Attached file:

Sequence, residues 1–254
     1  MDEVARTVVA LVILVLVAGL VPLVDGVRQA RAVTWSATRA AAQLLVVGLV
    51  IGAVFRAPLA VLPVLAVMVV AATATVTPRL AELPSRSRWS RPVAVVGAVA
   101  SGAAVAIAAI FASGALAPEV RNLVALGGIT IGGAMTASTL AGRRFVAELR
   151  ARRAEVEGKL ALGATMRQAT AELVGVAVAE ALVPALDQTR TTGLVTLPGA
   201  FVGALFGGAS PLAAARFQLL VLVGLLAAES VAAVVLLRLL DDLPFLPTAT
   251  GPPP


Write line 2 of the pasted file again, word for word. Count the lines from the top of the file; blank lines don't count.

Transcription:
     1  MDEVARTVVA LVILVLVAGL VPLVDGVRQA RAVTWSATRA AAQLLVVGLV